According to a post-ballot YouGov survey, the 18 to 25 age-bracket voted 75% to remain. Young people in Britain are overwhelmingly pro-Europe – and in an era where social media transcends national boundaries, the economy is increasingly globalised and cultures are fusing, it would be incredibly hard not to be.
There is, of course, the age-old argument that the young are naturally more socialist than the old, and while this is undoubtedly true, the pro-Europe movement online – as inextricably linked as it is with the anti-austerity, civil rights and social justice causes – represents something bigger.
There are many valid reasons for us to leave the EU, but we must not ignore that the result has given a platform, and legitimacy, to the bigotry and racism of parties like UKIP, the BNP and Britain First. Nigel Farage’s campaign has been compared to Nazism, and the man who assassinated the MP Jo Cox reportedly did so shouting “Britain First”.
When 61 of the 114 Tory MPs who backed Brexit also voted against gay marriage* and anti-immigration sentiment is running high, our generation must unite against their hate campaigns. As the late Ms Cox said, we “have far more in common with each other than things that divide us.”
Admittedly, living in the London ‘bubble’ renders us more cosmopolitan, more tolerant and more liberal, and so it’s hard for someone left-wing like myself to comprehend why people would have such contrasting, conservative views when they so clearly affect so many people negatively.
Austerity, the anti-immigration movement, privatisation of institutions like the BBC and the NHS and the reduction of welfare have been incredibly controversial issues in this country in recent years, and they have been pushed for by people like Boris Johnson, Michael Gove and UKIP’s Douglas Carswell (who is also a climate change sceptic).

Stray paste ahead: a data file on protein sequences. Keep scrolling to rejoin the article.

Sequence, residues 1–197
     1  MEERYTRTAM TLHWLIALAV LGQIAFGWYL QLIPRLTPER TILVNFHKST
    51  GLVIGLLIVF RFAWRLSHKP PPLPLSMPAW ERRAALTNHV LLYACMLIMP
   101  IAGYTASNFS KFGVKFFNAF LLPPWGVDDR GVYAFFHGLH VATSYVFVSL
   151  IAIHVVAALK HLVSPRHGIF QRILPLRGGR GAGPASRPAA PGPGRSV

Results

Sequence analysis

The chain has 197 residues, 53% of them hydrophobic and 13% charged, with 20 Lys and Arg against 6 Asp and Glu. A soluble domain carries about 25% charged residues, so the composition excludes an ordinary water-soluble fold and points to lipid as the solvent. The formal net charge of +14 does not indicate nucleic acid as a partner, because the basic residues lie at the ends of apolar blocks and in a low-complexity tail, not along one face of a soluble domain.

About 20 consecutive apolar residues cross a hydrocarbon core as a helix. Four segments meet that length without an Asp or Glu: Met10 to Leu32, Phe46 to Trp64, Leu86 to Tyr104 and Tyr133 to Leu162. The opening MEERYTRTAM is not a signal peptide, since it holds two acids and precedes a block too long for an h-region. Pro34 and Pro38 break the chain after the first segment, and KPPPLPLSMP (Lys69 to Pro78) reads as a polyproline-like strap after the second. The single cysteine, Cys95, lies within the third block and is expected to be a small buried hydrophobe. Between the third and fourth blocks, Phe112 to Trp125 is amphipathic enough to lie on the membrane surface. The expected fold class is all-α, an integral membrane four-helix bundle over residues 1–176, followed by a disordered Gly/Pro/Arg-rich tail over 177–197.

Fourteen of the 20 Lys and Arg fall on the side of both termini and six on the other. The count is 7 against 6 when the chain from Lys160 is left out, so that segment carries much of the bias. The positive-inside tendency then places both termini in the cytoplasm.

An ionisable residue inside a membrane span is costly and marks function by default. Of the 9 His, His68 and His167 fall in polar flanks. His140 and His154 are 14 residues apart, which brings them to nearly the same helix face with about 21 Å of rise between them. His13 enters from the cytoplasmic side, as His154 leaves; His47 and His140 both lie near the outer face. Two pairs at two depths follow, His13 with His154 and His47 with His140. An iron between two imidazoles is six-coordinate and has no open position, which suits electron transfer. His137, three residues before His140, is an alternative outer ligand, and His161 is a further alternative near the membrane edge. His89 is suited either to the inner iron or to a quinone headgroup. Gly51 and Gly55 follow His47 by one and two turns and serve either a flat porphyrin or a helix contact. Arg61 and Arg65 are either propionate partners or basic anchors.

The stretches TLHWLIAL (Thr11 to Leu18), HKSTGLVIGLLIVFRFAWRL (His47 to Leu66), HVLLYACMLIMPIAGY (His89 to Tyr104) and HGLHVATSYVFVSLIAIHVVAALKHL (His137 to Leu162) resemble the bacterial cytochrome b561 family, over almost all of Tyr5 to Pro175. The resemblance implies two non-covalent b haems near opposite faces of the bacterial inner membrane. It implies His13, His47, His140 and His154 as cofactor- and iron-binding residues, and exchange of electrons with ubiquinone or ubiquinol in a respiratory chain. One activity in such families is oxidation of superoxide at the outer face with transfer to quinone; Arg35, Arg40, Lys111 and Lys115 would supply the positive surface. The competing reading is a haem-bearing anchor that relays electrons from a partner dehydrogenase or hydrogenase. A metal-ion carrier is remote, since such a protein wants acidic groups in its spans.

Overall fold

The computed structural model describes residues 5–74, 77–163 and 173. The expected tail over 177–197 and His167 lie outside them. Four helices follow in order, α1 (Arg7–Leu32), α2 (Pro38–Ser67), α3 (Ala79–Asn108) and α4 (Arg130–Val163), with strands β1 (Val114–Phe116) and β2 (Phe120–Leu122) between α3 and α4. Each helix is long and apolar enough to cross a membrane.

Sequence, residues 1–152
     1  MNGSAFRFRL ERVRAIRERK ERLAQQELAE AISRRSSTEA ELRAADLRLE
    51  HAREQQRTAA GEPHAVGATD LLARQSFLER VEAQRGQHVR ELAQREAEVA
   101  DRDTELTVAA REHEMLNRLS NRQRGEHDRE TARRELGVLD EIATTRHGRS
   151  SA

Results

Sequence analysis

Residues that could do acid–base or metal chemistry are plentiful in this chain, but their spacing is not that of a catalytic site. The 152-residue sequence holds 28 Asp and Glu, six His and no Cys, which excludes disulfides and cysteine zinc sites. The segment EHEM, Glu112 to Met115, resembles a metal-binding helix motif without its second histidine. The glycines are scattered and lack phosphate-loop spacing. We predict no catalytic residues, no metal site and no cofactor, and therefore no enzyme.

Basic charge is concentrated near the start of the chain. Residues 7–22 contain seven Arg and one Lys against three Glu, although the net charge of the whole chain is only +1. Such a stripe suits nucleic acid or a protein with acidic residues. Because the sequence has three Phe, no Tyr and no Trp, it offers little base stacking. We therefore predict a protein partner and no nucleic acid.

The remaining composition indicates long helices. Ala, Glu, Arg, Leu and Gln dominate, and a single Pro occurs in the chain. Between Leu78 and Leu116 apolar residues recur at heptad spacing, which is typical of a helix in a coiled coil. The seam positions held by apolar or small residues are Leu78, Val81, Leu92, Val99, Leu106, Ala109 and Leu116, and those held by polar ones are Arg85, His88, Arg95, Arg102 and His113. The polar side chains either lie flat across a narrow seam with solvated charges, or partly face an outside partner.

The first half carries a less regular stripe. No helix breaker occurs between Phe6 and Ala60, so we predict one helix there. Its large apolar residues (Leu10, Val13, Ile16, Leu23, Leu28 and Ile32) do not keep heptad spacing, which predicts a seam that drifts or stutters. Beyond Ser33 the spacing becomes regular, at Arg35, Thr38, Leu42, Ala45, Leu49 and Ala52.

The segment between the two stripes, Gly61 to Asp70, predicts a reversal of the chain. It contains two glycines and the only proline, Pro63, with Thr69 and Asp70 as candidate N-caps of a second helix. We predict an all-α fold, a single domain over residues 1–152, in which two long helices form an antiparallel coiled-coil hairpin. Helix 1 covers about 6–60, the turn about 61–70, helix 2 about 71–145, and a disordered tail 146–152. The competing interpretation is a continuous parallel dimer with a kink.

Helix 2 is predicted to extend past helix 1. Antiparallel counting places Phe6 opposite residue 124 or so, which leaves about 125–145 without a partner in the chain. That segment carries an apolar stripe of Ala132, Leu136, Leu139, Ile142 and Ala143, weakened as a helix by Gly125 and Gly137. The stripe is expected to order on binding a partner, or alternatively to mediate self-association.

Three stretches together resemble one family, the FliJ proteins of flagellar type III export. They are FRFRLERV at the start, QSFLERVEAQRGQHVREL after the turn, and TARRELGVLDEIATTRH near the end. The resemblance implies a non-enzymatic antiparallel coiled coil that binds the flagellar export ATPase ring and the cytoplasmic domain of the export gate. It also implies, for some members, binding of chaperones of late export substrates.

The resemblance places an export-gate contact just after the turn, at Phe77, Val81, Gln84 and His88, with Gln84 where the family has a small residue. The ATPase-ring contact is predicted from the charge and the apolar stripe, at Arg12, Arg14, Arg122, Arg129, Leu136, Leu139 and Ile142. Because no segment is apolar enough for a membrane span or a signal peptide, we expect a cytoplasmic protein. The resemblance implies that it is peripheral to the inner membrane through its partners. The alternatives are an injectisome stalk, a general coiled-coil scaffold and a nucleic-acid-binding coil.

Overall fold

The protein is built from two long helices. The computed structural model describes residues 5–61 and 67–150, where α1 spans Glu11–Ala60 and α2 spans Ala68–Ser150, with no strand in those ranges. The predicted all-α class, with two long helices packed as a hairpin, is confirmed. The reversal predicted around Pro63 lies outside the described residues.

Since we have voted to leave, we have put more power in these people’s hands. Without the safeguards of the EU, the NHS, our education and living standards, and even the protection of our civil rights enshrined in the Human Rights Act and ECHR, can be changed at will.
As the future of this country, our generation are the people who are going to have to deal with the fallout. We are the ones this decision hits the hardest. It is we who will be affected long term – our education, our jobs, our economy, our future.
The rights and values that we stand for – love, tolerance, multiculturalism, education – will be under attack from the far right. Under 25-year-olds are increasingly disconnecting from politics.
The reasons I’ve heard my friends give are “but they’re all the same” and “they don’t listen anyway.” But the voices of the Leave campaigners and their supporters have been listened to. If anything, the referendum is an example of how to get the government to listen.
I couldn’t vote. Many if not most people reading this couldn’t vote. And only 36% of 18 to 24-year-olds did vote.
But this is our future that’s been decided, and so we have to take this opportunity, though we may be unenthusiastic to endorse the views of politicians we dislike, and grab this opportunity with both hands.
We need to involve ourselves in politics. We need to make sure that we hold the government to account, to ensure that the right decisions are being made. The Leave campaign is a good example of this – it has brought passionate politics to a large number of people. Now we need to do the same, and make sure our thoughts are included in the debate.
If there is one thing to come out of the referendum, it is the clear message to Westminster that they’re hopelessly out of touch with the people they’re meant to serve.
Arguably, the country has ended up in this situation by not holding the government to account – by not voting in the European elections (and when they do, voting in UKIP MPs who unsurprisingly refuse to engage), by dismissing politics as ‘all the same’ and not informing ourselves of the decisions to be made. Consequently, without the check on power that was the EU, we must take that job on ourselves. We have a duty to engage in politics, question and criticise our MPs, and be vocal about how their decisions affect us.
Westminster has realised they have to start listening. Let’s make sure they hear our generation, loud and clear.
* Statistic compiled from lists drawn up by the BBC